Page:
The Rocket Flame

A Covid Return To School

The year 2020 wasn’t what anyone expected and going back to school was one of the biggest challenges. When returning back to school we were not greeted by smiles because they were covered by masks and although we were back together we are still separated by a distance of six feet. We are also split up by the A and B schedule of one day online and the other day in school. Senior Kierra Griffith comments on the A and B schedule saying, “Everything is disorganized with the online days and some teachers add a lot more work to do than others and the work is on different platforms.” With this unknown year ahead of us there are concerns from many students about masks, sports, and dislikes of the new rules. 

A big thing for JB students is sports and their fans. Stands would be packed with fans cheering on our teams but now only those who have a ticket can get in to watch. Contact sports have to change so there would be little to no contact with the players. Senior soccer player Kadenn Martin commented, “We can’t touch each other when we play, which is hard because it is a contact sport.” Off the fields and courts masks are required and before players can even begin to play they must get their temperature taken and answer a series of questions.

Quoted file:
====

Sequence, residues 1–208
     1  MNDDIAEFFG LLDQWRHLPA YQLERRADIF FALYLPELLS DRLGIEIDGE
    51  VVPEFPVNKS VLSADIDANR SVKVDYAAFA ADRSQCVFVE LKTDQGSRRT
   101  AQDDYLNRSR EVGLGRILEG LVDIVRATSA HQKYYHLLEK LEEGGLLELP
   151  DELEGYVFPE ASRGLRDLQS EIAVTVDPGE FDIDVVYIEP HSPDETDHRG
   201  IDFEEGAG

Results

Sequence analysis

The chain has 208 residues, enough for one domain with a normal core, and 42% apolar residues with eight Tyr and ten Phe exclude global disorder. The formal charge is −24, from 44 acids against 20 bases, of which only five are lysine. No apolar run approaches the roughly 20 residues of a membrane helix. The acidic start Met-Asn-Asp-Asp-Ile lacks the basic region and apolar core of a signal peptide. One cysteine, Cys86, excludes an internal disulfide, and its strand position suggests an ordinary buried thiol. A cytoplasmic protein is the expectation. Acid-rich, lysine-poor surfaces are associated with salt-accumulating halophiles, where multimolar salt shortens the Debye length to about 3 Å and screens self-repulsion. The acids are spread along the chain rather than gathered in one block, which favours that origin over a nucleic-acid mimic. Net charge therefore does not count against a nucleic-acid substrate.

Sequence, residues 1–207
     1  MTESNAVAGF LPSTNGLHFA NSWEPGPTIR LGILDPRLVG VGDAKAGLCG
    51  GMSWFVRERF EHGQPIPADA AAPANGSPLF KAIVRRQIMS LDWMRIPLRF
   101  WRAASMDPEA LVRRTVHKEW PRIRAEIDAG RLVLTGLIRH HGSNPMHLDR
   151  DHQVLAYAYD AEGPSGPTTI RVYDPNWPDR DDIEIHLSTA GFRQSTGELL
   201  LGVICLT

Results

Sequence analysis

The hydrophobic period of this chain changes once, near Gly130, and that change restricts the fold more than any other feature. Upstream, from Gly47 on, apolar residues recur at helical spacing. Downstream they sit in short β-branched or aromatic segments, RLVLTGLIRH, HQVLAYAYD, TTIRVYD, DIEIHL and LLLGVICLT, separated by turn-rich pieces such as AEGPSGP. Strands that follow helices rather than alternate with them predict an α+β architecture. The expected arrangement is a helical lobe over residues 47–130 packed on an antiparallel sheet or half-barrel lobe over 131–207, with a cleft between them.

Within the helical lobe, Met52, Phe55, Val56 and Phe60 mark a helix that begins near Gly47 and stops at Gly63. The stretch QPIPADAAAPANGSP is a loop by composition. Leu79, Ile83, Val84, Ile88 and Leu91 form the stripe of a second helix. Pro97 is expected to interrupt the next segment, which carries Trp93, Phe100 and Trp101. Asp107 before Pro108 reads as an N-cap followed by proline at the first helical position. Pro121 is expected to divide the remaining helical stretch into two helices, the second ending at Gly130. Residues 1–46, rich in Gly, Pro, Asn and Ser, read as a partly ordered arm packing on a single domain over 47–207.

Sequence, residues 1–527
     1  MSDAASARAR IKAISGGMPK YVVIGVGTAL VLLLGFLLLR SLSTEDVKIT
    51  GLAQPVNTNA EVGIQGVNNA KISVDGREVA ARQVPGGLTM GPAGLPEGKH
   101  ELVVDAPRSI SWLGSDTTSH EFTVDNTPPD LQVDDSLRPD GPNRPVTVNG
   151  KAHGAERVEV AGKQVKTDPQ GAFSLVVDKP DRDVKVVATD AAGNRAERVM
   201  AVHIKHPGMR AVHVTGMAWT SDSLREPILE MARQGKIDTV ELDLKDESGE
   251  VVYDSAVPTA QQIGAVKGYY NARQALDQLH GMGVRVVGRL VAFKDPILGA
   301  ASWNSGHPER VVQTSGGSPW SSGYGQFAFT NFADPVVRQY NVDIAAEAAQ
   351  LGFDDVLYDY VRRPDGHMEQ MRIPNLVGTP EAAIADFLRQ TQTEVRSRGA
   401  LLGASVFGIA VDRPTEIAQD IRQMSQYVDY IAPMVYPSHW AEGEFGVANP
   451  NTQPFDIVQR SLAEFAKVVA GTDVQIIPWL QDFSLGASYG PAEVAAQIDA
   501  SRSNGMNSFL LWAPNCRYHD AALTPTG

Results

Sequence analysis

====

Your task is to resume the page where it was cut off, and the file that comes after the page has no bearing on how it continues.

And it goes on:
Many students have mixed feelings about the rules we have to follow in order to have a safe school experience. In classrooms there is a smaller number of students in each class. More work is done on your own because you can not do a lot of partner work due to social distancing. During Kadenn Martin’s interview she explains how there are smaller class sizes and how everyone is spread out. Even though there are smaller classes and everyone is spaced out we still have to wear a mask the entire time. Junior Ashley Alfree says, “Mask breaks are greatly appreciated.” The only time we can take our masks off is during our ten minute mask breaks and at lunch while we are eating. Overall, a lot of students do not like wearing masks and having to be socially distanced from their friends. 

Despite all of the challenges students have been facing so far this school year we are still hoping for a great year. The teachers and principals have worked hard to still provide the students with a great year on a somewhat normal basis. On a positive outlook students are excited that we will be going back to school all together on November 5. 


JBHS Graduation 2020

Graduation for the Class of 2020 was anything but ordinary. The class spent their final months of high school at home and away from their classmates. Although everyone hoped that we would be back in school and back to normal life in time for graduation, that was not the case and the school had to find alternative ways to honor the years’ seniors and their accomplishments. 

“I did not think we would get here. I was not sure if we would ever get to this point… it took a lot of work to get here” says Mr.Chip Dickey (Principal).

The administrators of the district had to work night and day to assure that the 2020 graduates would not be let down and that they would get the recognition they deserved.